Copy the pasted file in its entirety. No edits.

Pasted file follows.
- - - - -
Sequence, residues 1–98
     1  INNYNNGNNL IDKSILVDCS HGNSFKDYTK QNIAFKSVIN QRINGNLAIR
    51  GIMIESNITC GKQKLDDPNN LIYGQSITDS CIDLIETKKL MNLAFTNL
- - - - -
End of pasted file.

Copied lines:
Sequence, residues 1–98
     1  INNYNNGNNL IDKSILVDCS HGNSFKDYTK QNIAFKSVIN QRINGNLAIR
    51  GIMIESNITC GKQKLDDPNN LIYGQSITDS CIDLIETKKL MNLAFTNL